Thom Browne brings high fashion to school uniforms The Thom Browne Spring 2016 collection is modeled during Fashion Week Monday Sept. 14, 2015, in New York. (AP Photo/Bryan R. Smith)
Thom Browne brings high fashion to school uniforms
Lexile

When most people look at a school uniform, they see something, well, uniform, as in, boring. Isn't that the point?
 
Not in Thom Browne's hands, it isn't. At his runway show Sept. 13, the designer took the simple image of a Japanese schoolgirl's uniform and transformed it into a strange but enticing world - as pretty much only he can do.
 
Browne is known for both his craftsmanship and his showmanship, and thus no one was surprised when they entered a gallery in New York to see that the designer had constructed a one-room schoolhouse (recent collections have been set in a 19th-century English hospital, and a cathedral).  There were rows of chairs, and a black composition notebook neatly placed at each one.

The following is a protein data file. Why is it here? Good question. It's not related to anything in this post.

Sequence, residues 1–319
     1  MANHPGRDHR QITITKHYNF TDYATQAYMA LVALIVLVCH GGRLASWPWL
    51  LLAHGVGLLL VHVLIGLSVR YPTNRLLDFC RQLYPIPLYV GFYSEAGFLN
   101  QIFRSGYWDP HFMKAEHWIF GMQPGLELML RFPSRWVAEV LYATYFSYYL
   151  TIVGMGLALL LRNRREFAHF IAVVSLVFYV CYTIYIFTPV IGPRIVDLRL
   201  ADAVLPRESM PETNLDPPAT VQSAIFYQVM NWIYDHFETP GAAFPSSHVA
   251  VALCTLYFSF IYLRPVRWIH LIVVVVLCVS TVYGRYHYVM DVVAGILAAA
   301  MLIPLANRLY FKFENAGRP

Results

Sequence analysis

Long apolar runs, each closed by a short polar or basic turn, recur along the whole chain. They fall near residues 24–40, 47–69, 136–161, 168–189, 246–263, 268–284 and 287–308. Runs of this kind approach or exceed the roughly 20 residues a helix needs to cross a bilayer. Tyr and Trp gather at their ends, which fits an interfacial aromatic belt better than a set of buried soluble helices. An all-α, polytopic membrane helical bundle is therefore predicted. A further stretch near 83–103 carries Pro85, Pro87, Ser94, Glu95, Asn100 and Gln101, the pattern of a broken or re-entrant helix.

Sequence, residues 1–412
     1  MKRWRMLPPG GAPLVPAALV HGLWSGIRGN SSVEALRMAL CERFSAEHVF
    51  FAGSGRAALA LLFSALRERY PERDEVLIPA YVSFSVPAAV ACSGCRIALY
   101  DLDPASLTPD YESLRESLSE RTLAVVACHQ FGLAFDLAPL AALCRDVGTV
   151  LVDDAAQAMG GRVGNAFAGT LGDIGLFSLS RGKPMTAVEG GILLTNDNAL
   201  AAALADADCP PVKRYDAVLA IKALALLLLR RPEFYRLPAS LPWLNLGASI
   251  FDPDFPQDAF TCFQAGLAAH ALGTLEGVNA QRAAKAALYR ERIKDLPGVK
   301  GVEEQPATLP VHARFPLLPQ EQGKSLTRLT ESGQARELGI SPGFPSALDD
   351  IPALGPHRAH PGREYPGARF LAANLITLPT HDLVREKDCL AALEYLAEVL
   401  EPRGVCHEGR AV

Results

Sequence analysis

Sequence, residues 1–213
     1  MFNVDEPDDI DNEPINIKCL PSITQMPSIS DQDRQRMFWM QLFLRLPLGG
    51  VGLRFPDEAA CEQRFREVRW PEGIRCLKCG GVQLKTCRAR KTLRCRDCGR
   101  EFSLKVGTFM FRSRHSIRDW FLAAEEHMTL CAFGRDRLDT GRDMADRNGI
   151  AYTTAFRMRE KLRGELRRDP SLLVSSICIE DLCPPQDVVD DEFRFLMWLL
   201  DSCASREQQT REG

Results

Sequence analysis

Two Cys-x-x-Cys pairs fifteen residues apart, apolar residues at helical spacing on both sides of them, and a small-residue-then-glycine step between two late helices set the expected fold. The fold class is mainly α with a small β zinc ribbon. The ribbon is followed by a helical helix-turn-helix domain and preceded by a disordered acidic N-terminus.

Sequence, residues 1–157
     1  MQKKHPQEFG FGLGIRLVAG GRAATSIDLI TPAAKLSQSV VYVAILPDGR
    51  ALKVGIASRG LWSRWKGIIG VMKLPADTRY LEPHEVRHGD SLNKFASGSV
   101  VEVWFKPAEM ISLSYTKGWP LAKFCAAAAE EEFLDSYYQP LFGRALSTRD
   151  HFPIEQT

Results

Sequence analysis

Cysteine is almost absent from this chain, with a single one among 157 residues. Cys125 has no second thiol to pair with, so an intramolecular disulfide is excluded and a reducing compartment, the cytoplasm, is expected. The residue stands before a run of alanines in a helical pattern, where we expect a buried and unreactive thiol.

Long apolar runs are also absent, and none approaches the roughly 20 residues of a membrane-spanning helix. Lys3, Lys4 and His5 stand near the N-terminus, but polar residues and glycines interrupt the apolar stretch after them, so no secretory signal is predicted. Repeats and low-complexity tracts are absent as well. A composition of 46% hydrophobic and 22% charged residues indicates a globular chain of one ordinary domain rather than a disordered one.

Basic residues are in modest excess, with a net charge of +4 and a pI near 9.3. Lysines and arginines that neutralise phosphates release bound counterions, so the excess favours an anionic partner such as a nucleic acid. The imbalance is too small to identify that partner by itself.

Then came the "students." Each model wore a pleated skirt and blazer but the workmanship on those "uniforms" was intricate, with different patterns embroidered on both skirt and jacket, and each outfit was wholly unique. There were pinstripes, floral patterns, gingham, and seersucker. Color schemes started with shades of gray but moved on to black-and-white, and pastels like mint green and lavender.
 
Then there was the hair, which doubtless would get a reprimand (or at least a hard look) from a strict headmistress: two starched braids, sticking straight up from the head into the air, and framed by fabulous (and topless) boater hats by master milliner Stephen Jones.